For three months, the world went into pause mode. Governments busied themselves in figuring out the best strategies to cope with the raging pandemic and healthcare workers immersed themselves in protecting the vulnerable and treating the affected. Now that the world is finally slowly opening up, most of us are realizing that the lockdown has created many unrealized issues. For instance, for three months, non-emergency medical care was completely put on hold, which in turn, has led to the emergence of untreated medical issues that need immediate attention. These non-emergency issues include cases related to domestic violence as well as undiagnosed cancers.
One of the otherwise mandatory things that received no attention during these last three months is routine dental care. People with cavities and cracked teeth are still ignoring these problems, not realizing that oral diseases too can lead to life-threatening situations. Most dental diseases start with a little bit of irritation and eventually advance into great pain and discomfort. Normally, dentists are able to detect and treat these problems which they are still in their nascent stage. However, the current pandemic has left everything in a haphazard state.
The Centers for Disease Control and Prevention, on March 16, advised all dentists to suspend all routine services. They were instead asked to accept only emergency cases. Though the decision was important to control the pandemic as well as preserve personal protective equipment, it led to many oral health issues going undiagnosed. To make up for this, dentists will now have to conduct more elaborate and expensive procedures and it will take some time to clear the backlog.
People do not take oral diseases seriously. However, not many people know that oral diseases can turn chronic. For instance, periodontitis, which affects the gum, causes bleeding. Very often, bacteria enter the bloodstream and cause abscesses. These bacteria can also lead to heart valve infections and sepsis in the worst-case scenario. Periodontitis can especially be harmful to patients with diabetes. Diabetic patients with high blood sugar are often highly susceptible to periodontitis and by controlling periodontitis, diabetic patients can improve their blood glucose. High blood sugar leads to slow healing, which is often the cause of oral infections.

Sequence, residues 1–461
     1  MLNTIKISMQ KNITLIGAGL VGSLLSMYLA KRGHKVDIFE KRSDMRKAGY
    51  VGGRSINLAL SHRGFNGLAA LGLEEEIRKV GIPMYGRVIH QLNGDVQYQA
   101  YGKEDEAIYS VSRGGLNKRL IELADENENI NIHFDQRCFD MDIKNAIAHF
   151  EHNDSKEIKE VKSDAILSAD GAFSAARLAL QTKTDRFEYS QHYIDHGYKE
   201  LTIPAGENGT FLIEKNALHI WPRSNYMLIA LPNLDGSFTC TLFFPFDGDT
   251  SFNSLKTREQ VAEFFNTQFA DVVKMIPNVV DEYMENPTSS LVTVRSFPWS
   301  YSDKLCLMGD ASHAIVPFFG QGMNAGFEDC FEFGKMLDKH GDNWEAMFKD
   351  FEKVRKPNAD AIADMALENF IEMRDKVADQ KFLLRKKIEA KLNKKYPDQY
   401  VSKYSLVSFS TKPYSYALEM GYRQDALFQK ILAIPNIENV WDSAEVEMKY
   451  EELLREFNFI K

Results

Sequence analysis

Periodontal disease is especially bad for pregnant women as they run the risk of passing bacteria to the uterus through the bloodstream. Several studies have also linked periodontitis to premature births and gestational diabetes. That apart, approximately 50% to 70% of all pregnant women suffer from a condition called pregnancy gingivitis. Pregnancy causes the concentration of certain hormones to increase. This, in turn, makes the blood vessels in the mouth more permeable, thereby allowing the bacteria in the mouth to move to various parts of the body. It is, thus, that dental check-ups were included in routine care for moms-to-be until the lockdown changed everything.
Not many people know that cardiovascular ailments and atherosclerosis are responsible for almost 25% of all deaths in the U.S. When inflammatory plaques obstruct the blood vessels, the supply of oxygen to the body becomes disrupted, which in turn, leads to heart attacks and strokes. Though no studies have confirmed this, people with gum diseases are two to three times more susceptible to a heart attack or cardiovascular mishappening.
Currently, several studies are being conducted to study the relationship between gum disease and heart-related ailments. The minds working on these studies believe that the bacteria caused by periodontitis enter the endothelial cells of the blood vessels. One particular study found the presence of periodontal pathogens in about 40% of all atherosclerotic lesions.
People who have been ignoring their routine dental check-ups must understand that by doing so, they are increasing their chances of developing various medical conditions. For instance, most oral cancers become known during routine dental exams. Similarly, doctors can detect the presence of HIV/AIDS by checking the mouth for non-healing ulcers and black tongue coating. Bulimia, on the other hand, can be detected by studying the teeth for signs of enamel erosion.
Dentists are usually the first to detect various problems that require advanced treatment. Thus, those delaying their routine dental check-ups are also delaying their chances of getting various medical conditions detected in time.
We are located at 4741 24 Mile Rd. Shelby Township, MI 48316, and we can be reached at (248) 652-0024. We look forward to meeting you!